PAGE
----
The world changed on June 26, 1997, the day that J.K. Rowling published Harry Potter and the Sorcerer’s Stone in the UK. Wizards, witches and the fantasy they inhabited would go on to inspire six more books, seven films, theme parks, a play in London’s West End and a spin-off book and film adaptation that will more than likely produce an entirely new series. Today’s parents, many of whom grew up reading the Harry Potter books as kids, are passing on Rowling’s words to their children, a process that will doubtlessly lead to a new generation of fans. In a way, they and other Potter fans have actor Haley Joel Osment‘s vocal distaste for the movies to thank. If The Sixth Sense star had been picked for the titular role instead of newcomer Daniel Radcliffe, the cultural impact of Rowling’s novels would have looked much different.
After Rowling sold the rights to Warner Bros. in 1998 for a healthy amount of money, the studio began scouring the ranks of known Hollywood talent. This made sense, as a project as big as Harry Potter was sure to attract a lot of attention (and box office returns), so executives preferred experience. Hence, one of the first names to enter consideration for the director’s chair was Steven Spielberg.
Yet as Alan Horn, current Walt Disney Studios chairman and former Warner Bros. president and COO, told the Los Angeles Times in 2010, Spielberg and Harry Potter weren’t meant for each other. Why? Because the director’s ideas for the adaptation weren’t agreeable to what the studio had in mind:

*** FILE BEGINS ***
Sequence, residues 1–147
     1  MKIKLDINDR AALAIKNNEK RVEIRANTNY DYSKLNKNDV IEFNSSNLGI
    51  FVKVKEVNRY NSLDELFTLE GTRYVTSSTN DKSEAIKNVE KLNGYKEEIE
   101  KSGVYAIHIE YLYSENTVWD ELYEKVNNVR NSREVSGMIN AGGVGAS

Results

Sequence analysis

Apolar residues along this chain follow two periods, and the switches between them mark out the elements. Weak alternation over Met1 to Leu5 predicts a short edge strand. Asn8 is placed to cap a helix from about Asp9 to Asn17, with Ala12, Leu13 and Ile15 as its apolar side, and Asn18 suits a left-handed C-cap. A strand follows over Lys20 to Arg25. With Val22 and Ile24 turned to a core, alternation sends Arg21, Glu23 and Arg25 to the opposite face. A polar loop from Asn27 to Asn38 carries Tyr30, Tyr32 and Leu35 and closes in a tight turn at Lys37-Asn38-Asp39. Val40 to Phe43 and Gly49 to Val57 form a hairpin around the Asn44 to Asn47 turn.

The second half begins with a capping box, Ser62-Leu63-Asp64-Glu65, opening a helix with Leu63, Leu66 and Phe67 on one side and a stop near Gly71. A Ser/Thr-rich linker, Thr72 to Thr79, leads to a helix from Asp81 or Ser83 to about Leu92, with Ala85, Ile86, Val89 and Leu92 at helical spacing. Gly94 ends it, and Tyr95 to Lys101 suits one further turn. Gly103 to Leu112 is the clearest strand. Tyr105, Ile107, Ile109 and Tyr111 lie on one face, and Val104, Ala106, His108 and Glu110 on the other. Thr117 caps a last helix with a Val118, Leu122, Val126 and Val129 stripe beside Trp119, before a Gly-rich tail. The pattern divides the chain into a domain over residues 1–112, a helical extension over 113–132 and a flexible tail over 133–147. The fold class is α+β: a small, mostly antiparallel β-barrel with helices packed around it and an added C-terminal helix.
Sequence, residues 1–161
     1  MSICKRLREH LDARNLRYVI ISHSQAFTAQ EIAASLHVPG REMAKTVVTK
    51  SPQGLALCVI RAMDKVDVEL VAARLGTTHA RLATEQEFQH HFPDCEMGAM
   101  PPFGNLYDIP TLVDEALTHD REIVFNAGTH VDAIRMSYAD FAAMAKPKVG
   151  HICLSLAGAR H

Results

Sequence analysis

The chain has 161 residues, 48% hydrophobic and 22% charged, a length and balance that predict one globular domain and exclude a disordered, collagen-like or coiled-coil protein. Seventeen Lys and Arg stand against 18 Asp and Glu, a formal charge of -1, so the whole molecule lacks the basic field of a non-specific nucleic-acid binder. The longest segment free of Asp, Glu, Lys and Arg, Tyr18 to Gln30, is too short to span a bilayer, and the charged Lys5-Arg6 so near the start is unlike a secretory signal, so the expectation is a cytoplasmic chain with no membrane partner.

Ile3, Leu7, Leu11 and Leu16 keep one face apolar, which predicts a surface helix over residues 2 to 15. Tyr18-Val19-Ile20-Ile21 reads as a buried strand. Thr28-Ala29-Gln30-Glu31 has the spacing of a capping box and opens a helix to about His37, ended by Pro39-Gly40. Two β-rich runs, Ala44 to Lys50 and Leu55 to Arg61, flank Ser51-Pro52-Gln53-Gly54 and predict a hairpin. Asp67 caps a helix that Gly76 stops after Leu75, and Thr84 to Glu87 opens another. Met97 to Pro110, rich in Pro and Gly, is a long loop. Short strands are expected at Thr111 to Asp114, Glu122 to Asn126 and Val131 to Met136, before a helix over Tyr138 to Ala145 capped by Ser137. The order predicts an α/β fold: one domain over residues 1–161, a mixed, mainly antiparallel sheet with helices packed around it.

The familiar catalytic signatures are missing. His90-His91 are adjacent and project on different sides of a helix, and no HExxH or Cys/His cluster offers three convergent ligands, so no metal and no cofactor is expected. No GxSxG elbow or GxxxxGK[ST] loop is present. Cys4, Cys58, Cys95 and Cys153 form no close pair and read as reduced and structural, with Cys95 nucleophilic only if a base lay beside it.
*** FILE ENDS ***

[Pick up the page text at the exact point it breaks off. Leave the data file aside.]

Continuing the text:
“I did think it would be worthwhile for Steven Spielberg to direct,” Horn said. “We offered it to him. But one of the notions of Dreamworks’ and Steven’s was, ‘Let’s combine a couple of the books, let’s make it animated,’ and that was because of the [visual effects and] Pixar had demonstrated that animated movies could be extremely successful. Because of the wizardry involved, they were very effects-laden. So I don’t blame them. But I did not want to combine the movie and I wanted it to be live action.”
What’s more, Rowling — who’d been given full access to the studio’s handling of her intellectual property — had stipulations that didn’t mesh well with Spielberg. When asked about the possible pressures Hollywood was exerting on her in a 2000 interview, the author scoffed at the idea:
“At the moment, in all honesty, they don’t. Maybe they did in the beginning but then they saw the popularity of the books as they are. At the moment they are giving me a huge amount of influence. It will be filmed in Britain, with an all-British cast.”